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IDN Jargon Buster #1

Understanding the topics related to Internationalised Domain Names (IDN) can be challenging for new readers, especially ones without a technical background. Technical terms, abbreviations, and acronyms can deter readers from learning further about IDNs despite their significance.

Beyond technical communities

The importance of IDN topics has permeated beyond technical communities related to internet governance since it involves a wide array of stakeholders, ranging from academia, civil society, business, policymakers, to individuals. It signifies the multi-scope of IDN issues beyond merely the internet community. IDNs already affects the state of internet affairs given their capacity to include and exclude internet coverage and inclusivity. With global uptake of IDNs, there will be an opportunity to benefit the everyday life of the global population as the future of the world economy, politics, and socio-culture will be embedded with the digital transformation. Hence, the discussion about IDNs can no longer be exclusive to technical communities.

The purpose of the IDN World Report

The IDN World Report intends to not only document progress towards Universal Acceptance (UA) in IDNs, but more importantly, to inform a wider audience about IDNs themselves. The better participation of IDN discussions necessitates a better-informed audience on this topic. This article marks the first of a series of IDN Jargon Buster that aims to explain IDN related terms in a more understandable way for the general public. The IDN Jargon Buster series consists of three articles: a) The General Terms; b) Actors and Institutions; and c) Historical Milestones. This first article will explain the glossary of basic concepts and general terms related to the IDN topic.

Glossary of basic concepts

Domain Name is one of the Internet’s system of unique identifiers. A domain name can be used as the address of one’s website (or URL (Uniform Resource Locator) or an email address. A domain name provides a translation between numeric IP addresses and is more memorable to people than long strings of numbers that comprise IP addresses. In this way, a domain name locates one’s website or email address to be accessible and meaningful, and memorable for internet users . For example:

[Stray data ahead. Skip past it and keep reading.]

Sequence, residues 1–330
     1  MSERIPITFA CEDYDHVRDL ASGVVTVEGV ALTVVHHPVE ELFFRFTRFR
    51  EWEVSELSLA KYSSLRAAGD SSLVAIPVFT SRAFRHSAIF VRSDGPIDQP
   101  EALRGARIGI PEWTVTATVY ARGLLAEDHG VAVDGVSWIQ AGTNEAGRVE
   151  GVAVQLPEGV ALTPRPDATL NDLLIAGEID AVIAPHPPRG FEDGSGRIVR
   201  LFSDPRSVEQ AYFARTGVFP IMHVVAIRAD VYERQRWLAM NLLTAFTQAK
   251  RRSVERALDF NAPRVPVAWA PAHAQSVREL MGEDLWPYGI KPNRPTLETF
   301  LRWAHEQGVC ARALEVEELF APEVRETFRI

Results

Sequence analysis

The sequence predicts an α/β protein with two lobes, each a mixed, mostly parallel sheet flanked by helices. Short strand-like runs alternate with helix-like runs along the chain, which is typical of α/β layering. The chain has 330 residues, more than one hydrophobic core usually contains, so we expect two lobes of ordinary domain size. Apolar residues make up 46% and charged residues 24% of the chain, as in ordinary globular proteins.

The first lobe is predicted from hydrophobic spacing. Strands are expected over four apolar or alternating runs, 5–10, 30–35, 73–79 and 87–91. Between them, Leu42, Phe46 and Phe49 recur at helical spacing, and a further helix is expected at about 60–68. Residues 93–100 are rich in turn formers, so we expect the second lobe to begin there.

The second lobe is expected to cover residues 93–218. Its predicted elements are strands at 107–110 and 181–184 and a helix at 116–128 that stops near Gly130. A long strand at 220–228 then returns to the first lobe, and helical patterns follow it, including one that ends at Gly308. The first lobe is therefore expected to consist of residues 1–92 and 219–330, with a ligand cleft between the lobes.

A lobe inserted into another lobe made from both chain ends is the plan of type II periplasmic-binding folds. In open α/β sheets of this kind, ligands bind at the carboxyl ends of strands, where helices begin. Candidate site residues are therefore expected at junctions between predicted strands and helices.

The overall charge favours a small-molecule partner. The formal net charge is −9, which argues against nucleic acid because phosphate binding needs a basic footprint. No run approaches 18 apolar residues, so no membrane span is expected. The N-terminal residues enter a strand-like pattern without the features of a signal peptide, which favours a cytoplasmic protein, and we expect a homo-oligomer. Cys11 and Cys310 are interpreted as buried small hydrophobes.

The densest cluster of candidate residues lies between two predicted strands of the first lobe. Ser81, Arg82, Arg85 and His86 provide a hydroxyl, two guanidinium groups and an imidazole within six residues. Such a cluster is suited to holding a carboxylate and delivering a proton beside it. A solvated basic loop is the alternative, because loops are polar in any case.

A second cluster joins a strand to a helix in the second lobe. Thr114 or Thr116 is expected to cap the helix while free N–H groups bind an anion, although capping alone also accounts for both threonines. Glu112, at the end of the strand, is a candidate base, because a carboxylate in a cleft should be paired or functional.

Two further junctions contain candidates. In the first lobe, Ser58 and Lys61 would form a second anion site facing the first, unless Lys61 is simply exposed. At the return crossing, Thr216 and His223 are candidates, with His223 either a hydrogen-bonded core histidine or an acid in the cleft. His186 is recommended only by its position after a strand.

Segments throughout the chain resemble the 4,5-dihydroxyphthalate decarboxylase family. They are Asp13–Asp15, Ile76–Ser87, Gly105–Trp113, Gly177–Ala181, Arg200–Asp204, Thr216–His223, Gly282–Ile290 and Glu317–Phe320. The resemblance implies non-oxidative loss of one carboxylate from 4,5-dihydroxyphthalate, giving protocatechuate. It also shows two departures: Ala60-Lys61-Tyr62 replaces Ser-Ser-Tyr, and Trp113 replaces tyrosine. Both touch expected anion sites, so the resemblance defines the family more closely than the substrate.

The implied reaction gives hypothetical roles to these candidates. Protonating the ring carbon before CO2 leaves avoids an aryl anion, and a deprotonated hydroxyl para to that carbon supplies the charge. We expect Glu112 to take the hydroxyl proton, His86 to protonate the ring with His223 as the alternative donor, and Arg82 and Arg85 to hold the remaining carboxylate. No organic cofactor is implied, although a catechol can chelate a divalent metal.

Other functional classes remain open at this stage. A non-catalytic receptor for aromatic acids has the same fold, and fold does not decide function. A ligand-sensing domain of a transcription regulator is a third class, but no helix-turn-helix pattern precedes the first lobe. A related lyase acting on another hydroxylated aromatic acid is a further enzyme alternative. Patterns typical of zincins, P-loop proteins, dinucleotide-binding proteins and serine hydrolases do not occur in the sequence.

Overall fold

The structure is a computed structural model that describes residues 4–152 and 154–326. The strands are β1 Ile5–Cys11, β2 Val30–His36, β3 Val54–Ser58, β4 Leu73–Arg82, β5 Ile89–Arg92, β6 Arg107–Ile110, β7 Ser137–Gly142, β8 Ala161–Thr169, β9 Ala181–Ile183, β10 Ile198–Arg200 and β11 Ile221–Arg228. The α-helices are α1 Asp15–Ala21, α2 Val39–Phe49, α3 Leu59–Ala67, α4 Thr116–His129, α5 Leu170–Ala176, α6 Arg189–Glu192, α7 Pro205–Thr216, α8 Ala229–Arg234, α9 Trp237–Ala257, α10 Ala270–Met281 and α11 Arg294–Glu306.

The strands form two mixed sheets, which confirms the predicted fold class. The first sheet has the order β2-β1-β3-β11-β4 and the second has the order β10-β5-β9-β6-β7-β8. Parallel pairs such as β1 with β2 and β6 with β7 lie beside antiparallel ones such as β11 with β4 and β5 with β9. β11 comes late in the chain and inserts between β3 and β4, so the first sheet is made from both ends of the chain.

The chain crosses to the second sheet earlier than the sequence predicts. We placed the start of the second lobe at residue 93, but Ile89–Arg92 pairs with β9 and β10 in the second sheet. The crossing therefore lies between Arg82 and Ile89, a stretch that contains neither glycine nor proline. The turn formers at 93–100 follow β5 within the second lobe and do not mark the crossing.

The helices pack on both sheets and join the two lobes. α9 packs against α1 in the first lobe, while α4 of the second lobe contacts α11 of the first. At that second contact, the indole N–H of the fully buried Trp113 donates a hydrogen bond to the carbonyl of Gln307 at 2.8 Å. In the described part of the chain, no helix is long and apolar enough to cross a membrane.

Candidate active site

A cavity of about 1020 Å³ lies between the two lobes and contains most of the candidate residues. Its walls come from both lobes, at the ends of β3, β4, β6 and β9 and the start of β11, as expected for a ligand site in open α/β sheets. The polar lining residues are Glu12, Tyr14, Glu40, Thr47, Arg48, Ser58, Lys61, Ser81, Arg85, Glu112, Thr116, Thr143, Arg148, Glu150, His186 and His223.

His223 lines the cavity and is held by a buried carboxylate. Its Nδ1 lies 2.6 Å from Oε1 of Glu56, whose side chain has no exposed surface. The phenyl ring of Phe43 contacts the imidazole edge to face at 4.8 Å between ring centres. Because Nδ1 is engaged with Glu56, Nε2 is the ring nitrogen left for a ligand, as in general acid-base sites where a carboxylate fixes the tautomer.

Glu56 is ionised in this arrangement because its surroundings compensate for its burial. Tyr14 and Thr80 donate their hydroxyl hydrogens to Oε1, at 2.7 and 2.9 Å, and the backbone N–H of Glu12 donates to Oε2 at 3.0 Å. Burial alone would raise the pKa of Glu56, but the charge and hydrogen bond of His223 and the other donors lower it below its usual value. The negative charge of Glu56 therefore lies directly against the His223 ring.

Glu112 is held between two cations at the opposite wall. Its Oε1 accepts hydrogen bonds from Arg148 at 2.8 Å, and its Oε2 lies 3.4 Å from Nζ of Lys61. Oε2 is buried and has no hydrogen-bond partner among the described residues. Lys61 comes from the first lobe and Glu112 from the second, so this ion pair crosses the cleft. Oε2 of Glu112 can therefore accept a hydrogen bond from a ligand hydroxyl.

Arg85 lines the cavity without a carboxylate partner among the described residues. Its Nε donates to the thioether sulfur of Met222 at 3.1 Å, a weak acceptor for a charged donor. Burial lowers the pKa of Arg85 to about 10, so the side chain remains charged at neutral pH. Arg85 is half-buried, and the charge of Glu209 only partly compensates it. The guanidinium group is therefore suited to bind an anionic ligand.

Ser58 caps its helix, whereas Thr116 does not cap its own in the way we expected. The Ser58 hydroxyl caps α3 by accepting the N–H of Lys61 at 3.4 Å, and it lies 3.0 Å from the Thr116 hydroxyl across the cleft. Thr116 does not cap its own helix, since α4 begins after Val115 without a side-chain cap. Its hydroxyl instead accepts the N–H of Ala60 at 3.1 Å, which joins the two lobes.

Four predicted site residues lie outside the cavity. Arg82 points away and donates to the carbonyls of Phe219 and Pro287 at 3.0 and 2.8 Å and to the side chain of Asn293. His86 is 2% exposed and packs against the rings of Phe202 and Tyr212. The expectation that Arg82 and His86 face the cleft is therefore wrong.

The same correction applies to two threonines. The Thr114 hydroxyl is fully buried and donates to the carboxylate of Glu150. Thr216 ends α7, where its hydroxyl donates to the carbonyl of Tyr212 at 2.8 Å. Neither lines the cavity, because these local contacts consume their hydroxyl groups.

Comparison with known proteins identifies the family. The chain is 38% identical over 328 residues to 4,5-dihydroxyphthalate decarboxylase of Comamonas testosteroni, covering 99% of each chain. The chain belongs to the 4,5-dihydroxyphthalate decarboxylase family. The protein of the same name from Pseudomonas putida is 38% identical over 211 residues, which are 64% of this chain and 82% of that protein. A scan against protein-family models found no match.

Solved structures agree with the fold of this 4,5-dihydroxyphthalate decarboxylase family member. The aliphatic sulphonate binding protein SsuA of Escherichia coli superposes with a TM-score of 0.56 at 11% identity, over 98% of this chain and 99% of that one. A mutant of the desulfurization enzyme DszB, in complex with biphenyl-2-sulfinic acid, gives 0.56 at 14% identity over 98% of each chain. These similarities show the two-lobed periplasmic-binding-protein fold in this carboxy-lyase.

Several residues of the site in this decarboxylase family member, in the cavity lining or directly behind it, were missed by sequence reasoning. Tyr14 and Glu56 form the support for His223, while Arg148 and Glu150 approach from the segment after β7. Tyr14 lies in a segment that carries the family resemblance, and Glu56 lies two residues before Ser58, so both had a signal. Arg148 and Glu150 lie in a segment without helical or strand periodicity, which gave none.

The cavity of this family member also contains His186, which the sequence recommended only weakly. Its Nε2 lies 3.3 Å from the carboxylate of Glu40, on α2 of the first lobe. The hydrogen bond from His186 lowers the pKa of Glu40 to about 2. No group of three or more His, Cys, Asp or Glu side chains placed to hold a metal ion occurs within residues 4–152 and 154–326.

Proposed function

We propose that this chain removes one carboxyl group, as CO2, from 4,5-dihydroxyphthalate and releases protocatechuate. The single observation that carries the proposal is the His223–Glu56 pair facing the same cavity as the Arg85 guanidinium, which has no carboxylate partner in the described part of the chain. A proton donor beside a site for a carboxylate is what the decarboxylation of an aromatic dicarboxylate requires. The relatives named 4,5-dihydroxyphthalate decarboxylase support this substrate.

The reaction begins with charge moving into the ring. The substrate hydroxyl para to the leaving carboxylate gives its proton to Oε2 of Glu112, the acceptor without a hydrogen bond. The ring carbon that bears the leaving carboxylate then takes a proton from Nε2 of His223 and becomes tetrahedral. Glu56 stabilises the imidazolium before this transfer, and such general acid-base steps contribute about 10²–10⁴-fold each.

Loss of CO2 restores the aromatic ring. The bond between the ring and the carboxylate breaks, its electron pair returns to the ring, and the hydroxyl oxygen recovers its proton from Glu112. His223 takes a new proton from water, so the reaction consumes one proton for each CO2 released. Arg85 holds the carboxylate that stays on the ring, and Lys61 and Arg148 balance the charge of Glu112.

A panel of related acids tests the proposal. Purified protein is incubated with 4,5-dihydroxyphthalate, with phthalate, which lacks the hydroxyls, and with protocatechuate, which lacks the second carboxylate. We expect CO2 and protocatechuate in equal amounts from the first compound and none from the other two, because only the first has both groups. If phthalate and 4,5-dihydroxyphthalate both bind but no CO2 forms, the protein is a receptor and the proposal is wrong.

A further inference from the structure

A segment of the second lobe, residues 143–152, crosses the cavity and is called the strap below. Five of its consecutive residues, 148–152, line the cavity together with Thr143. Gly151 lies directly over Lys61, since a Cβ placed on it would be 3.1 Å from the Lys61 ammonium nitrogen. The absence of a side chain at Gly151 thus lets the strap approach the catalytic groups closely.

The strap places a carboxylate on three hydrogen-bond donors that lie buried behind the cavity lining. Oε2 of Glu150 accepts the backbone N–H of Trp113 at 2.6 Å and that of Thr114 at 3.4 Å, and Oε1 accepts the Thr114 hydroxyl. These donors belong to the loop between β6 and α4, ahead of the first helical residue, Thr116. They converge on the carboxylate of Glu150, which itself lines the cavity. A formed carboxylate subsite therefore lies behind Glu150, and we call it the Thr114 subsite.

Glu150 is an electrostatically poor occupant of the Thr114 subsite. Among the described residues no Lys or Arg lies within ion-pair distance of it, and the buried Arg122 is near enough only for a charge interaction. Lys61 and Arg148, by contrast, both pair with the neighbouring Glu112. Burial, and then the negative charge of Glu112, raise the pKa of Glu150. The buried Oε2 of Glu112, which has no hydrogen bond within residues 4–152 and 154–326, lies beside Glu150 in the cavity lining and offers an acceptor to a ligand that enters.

Top-Level Domain (TLD) is the part of the domain name that is situated after the final dot. In, the Top-Level Domain is .eu Second-Level Domain (SLD or 2LD) is the part of the domain name that comes before the final dot. In, the Second-Level Domain is idnworldreport.

Country Code Top-Level Domain (ccTLD) is a specific TLD for countries and territories, such as uk, id, de, fr, jp, id, and others that are contained within the ISO 3166-1 list of two letter country-codes.

Generic Top-Level Domain (gTLD) is a generic TLD. It is intended for general internet users, such as com, biz, org, regardless of their geographic location.

Internationalised Domain Names (IDN) is a domain name containing internationalised character sets. It is because the domain names (and internet, in general) have been historically limited to a subset of or ASCII characters, namely the Latin script a-z, 0-9 and the hyphen.

The American Standard Code for Information Interchange (ASCII) is the standard used by the internet community to represent digital coding on the internet. This standard uses a to z, 0 to 9 and the hyphen. This restricted character set is known as LDH (Letters, Digits and Hyphen) within the technical community.

Universal Acceptance (UA) is the idea that domain names and all email addresses should work in all software applications. It is intended to make the use of the internet more inclusive for broader populations, especially those using non-Roman/Latin scripts.

Unicode is an ASCII coding standard used by the technical community to convert non-Roman/Latin scripts into readable characters for the machine/computer/internet. Non-Roman/Latin scripts are converted into LDH (Letters, Digits and Hyphen).

Punycode is a way of translating non-ASCII characters/words to be read by Unicode ASCII coding. Unicode is the standard encoding in ASCII, while punycode is the way to translate non-ASCII into ASCII.

Domain Name System (DNS) is a naming database for Domain Names. This system translates the domain name to IP address and vice versa when one accesses the internet. This system is coordinated by ICANN.

ICANN is an essential institution that is situated in the centre of internet governance. Understanding ICANN will lead to understanding the bigger picture of the internet governance and IDN topics. We’ll explain ICANN and other related institutions and actors in the next article of the IDN World Report Jargon Buster!

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